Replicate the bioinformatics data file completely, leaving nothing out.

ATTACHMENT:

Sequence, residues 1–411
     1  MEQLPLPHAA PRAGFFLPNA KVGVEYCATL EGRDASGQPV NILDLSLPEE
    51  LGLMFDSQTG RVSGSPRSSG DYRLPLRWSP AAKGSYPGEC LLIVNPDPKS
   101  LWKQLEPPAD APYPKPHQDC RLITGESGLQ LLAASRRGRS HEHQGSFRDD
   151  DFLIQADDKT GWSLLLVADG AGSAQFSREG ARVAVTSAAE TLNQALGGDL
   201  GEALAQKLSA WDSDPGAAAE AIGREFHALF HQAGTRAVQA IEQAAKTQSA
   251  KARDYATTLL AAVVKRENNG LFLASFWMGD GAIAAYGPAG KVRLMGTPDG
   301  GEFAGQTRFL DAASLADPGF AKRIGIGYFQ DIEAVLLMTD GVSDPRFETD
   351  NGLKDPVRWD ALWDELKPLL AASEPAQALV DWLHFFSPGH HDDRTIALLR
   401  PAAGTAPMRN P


Sequence, residues 1–411
     1  MEQLPLPHAA PRAGFFLPNA KVGVEYCATL EGRDASGQPV NILDLSLPEE
    51  LGLMFDSQTG RVSGSPRSSG DYRLPLRWSP AAKGSYPGEC LLIVNPDPKS
   101  LWKQLEPPAD APYPKPHQDC RLITGESGLQ LLAASRRGRS HEHQGSFRDD
   151  DFLIQADDKT GWSLLLVADG AGSAQFSREG ARVAVTSAAE TLNQALGGDL
   201  GEALAQKLSA WDSDPGAAAE AIGREFHALF HQAGTRAVQA IEQAAKTQSA
   251  KARDYATTLL AAVVKRENNG LFLASFWMGD GAIAAYGPAG KVRLMGTPDG
   301  GEFAGQTRFL DAASLADPGF AKRIGIGYFQ DIEAVLLMTD GVSDPRFETD
   351  NGLKDPVRWD ALWDELKPLL AASEPAQALV DWLHFFSPGH HDDRTIALLR
   401  PAAGTAPMRN P